Bishop Makes Lenten Visit
Lennon in Malden Today
By Kathy McCabe
April 3, 2003
MALDEN - In his Lenten journey to help lay Catholics and clergy heal from the priest sex abuse crisis, Bishop Richard G. Lennon tonight will bring his message of hope to Malden.
Lennon, interim head of the Archdiocese of Boston, will speak at a prayer service scheduled for 7 p.m. at Immaculate Conception Church on Pleasant Street. Earlier, Lennon will meet privately with about 100 priests from the archdiocese's North Region, which includes 77 parishes from Woburn to Gloucester.
"Bishop Lennon has made it a priority to meet with the laity and priests," said Auxiliary Bishop Francis X. Irwin of Peabody, spiritual leader of the North Region.
"His focus will be on forgiveness." Lennon's visit comes at a painful time for the archdiocese. Church finances are in peril due to high legal costs from the sex abuse scandal and a severe drop in donations. Locally, parishes in Malden, Salem, Gloucester, and Haverhill were among those rocked by allegations of priests molesting children. Several area victims have filed lawsuits against the church.
Voice of the Faithful, a national organization of lay Catholics that was formed by Catholics upset by the church's failure to remove sexually abusive priests from ministry, continues to push for an expanded role of the laity in church affairs. But, earlier this week, Lennon banned Catholic Charities, the church's social service arm, and all other entities of the archdiocese from accepting financial contributions from the group. He cited concern about the archdiocese's own effort to raise money, and Voice of the Faithful's stipulation that the money not be used for the archdiocese's administrative expenses.
One local Voice of the Faithful member was disappointed by Lennon's decision.
"His decision just indicates the archdiocese's hierarchy will not give in," said Vincent Guerra, a spokesman for Voice of the Faithful North Shore, which meets monthly at St. Rose of Lima in Topsfield. "They do not want to lose control of the hearts and minds of [parishioners] in the archdiocese." Guerra, who said the group attracts about 50 members at its monthly meetings and has a mailing list of 185, does not plan to attend tonight's meeting, and the Topsfield group is not planning to protest Lennon's decision.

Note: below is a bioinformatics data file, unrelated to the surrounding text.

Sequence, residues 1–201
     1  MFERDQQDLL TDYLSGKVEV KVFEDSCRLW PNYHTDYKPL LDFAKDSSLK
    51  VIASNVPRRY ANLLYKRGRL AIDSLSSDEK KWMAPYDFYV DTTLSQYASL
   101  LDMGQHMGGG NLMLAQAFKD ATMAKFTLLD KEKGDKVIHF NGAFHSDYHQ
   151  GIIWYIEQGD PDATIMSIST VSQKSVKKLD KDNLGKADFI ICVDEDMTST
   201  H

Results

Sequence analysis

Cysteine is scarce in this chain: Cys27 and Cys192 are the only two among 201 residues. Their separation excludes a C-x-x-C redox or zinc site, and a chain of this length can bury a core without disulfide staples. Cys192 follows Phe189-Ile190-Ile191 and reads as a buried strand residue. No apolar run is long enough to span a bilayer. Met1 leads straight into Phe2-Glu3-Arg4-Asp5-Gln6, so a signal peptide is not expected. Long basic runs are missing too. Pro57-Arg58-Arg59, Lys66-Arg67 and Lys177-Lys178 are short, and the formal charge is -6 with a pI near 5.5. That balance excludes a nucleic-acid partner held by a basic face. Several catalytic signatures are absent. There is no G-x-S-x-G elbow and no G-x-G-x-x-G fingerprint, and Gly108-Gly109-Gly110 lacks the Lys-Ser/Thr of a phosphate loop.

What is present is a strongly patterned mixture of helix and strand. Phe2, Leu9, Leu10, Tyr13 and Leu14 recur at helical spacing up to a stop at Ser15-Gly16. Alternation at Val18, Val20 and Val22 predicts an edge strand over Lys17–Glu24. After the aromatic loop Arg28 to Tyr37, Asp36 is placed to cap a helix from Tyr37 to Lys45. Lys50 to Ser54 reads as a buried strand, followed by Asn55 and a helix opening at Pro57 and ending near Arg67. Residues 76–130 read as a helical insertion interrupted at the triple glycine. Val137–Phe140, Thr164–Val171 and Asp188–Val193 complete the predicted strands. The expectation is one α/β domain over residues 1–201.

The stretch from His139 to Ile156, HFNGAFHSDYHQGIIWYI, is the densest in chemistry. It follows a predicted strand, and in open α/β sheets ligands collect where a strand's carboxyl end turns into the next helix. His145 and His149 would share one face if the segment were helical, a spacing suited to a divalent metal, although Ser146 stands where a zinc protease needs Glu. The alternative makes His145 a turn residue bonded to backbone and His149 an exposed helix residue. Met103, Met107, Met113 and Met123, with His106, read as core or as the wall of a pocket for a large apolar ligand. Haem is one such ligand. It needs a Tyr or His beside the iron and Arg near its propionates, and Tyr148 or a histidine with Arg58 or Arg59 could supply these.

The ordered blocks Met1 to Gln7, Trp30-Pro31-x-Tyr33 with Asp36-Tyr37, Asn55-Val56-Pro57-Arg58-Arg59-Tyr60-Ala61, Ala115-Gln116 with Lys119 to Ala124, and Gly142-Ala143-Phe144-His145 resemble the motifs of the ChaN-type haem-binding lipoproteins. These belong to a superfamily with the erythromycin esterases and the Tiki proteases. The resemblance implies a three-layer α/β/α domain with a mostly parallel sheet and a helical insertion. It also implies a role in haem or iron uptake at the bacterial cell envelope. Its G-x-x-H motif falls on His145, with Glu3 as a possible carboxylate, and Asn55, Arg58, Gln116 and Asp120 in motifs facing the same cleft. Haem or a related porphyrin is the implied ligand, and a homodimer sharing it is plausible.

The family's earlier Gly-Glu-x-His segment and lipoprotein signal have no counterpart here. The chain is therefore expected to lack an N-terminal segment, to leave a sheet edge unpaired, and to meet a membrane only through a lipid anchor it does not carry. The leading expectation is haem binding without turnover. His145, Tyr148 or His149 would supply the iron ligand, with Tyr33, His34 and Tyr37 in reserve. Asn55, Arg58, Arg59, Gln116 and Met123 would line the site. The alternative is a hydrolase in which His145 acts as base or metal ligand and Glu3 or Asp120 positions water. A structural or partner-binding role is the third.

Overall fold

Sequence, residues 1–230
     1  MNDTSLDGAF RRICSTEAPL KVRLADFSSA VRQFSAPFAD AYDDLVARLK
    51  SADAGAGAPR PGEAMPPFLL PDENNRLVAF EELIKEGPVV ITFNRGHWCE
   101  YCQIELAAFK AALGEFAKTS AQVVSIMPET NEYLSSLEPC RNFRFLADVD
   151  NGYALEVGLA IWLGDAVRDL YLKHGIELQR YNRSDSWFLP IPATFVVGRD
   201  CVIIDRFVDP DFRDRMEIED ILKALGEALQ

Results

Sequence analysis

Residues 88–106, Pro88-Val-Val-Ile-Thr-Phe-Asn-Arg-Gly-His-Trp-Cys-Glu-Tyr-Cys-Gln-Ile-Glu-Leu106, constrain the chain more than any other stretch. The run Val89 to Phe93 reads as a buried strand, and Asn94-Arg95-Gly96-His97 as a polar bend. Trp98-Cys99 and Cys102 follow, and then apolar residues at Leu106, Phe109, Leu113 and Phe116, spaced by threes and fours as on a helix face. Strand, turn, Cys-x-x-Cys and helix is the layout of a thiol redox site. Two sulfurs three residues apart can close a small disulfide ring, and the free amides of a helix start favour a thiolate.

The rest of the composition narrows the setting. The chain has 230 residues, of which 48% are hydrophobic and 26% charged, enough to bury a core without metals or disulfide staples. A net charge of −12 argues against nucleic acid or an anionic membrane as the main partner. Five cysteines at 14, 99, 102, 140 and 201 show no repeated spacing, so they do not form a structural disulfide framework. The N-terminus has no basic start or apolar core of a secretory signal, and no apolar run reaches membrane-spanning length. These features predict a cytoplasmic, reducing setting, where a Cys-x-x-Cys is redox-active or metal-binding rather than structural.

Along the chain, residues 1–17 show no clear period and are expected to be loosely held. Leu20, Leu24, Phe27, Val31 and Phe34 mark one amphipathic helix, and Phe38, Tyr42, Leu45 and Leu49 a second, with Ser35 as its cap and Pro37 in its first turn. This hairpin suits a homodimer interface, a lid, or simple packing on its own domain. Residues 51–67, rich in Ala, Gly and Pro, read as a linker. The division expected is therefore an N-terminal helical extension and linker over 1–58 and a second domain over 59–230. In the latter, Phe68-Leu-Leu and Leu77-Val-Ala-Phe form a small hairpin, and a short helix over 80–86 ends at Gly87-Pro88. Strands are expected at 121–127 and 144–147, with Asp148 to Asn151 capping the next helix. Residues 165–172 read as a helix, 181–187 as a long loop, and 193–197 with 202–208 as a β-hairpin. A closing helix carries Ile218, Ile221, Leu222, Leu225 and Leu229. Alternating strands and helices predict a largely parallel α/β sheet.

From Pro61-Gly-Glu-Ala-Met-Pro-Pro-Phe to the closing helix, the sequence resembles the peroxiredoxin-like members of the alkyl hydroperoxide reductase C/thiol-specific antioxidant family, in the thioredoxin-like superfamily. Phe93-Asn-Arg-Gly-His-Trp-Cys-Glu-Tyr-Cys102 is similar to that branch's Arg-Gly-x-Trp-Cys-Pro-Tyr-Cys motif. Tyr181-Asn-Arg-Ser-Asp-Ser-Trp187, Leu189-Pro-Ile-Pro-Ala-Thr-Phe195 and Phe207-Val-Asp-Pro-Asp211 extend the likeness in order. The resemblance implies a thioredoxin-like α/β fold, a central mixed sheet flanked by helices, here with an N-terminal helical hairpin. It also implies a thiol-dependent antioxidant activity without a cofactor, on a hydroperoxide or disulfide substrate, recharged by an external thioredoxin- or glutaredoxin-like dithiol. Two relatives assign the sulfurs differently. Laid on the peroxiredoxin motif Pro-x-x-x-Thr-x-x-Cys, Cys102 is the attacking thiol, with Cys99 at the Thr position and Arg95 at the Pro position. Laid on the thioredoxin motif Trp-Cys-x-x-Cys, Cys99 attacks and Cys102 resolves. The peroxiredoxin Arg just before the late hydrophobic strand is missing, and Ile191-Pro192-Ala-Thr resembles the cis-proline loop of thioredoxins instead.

Guerra said he hoped Lennon would lift the archdiocese's ban on the group meeting at church properties. The ban, imposed by Cardinal Bernard F. Law, prohibits chapters of Voice of the Faithful formed after Oct. 12, 2002, from meeting on church property. "Not only did he not lift the ban, now he refuses to accept our contributions," Guerra said. Lennon's visit to Malden is his only Lenten appearance scheduled for the North Region. Lennon, raised in Arlington, replaced Law, who resigned last December amid growing scandal over sexual abuse of children by priests in the archdiocese. Immaculate Conception, which can seat about 1,200 people, was chosen for its size and accessibility by public transportation, Irwin said.
Irwin said he does not expect Lennon to discuss Voice of the Faithful tonight. Like all Catholics, group members are welcome to attend the prayer service. Lennon's goal is to speak directly to Catholics during Lent, a holy season of reflection and repentence, Irwin said.
"He's a reconciler," said Irwin, who has known Lennon for 20 years. "I think that if anyone is unbiased, they will come away with the sense that good things are happening. . . that he [Lennon] is a man of God and he should be followed." Mary Ann Erkkila, an active parishioner at Immaculate Conception in Malden, is willing to listen tonight. "He's new at the job," Erkkila, 48, said of Lennon. "We have to give him a chance. Certainly, we have to give him credit for proposing the plan for Lent [to visit parishes] that he did."
Erkkila also hopes tonight's visit won't be Lennon's last. The important part of all of this will be follow-through, said Erkkila, a member of the finance council at Immaculate Conception. "I certainly understand the constraints of his position. He can't visit every parish repeatedly. But I think he has some staff who could visit more often. I think that's what people are looking for, not just having someone show up when there is a crisis."
Lennon today also will minister to his own flock. About 100 parish priests, are expected at a 3 p.m. prayer service for priests to be held at Immaculate Conception. From 3:30 p.m. to 5:20 p.m., Lennon will meet with priests to talk about finances, school closings, and other proposed consolidations within the archdiocese, according to Irwin.
"He has not spoken to priests individually, unless it was at some sort of [meeting]. This will be a chance for him to speak to them in a group. He's going to make a presentation, which changes from place to place. He will talk about church finances, I presume. But he'll also talk to them about healing, strength, and support for the priests," Irwin said.
Monsignor Paul Garrity, pastor of St. Mary's Church in Lynn, welcomes the support. "In our theology, priests function as an extension of the bishop," said Garrity, who also served at Immaculate Conception in Malden. "But, I think, historically, priests have not felt awfully close, in an administrative or collegial way, to the bishop. That's not a knock against either [the late] Cardinal [Humberto] Medeiros or Cardinal Law. That's just the way the diocese has functioned. . . I see this meeting with Bishop Lennon as a good thing, a chance for us to ask questions and express ourselves."
Kathy McCabe's e-mail address is email@example.com. This story ran on page 1 of the Globe North section on 4/3/2003.
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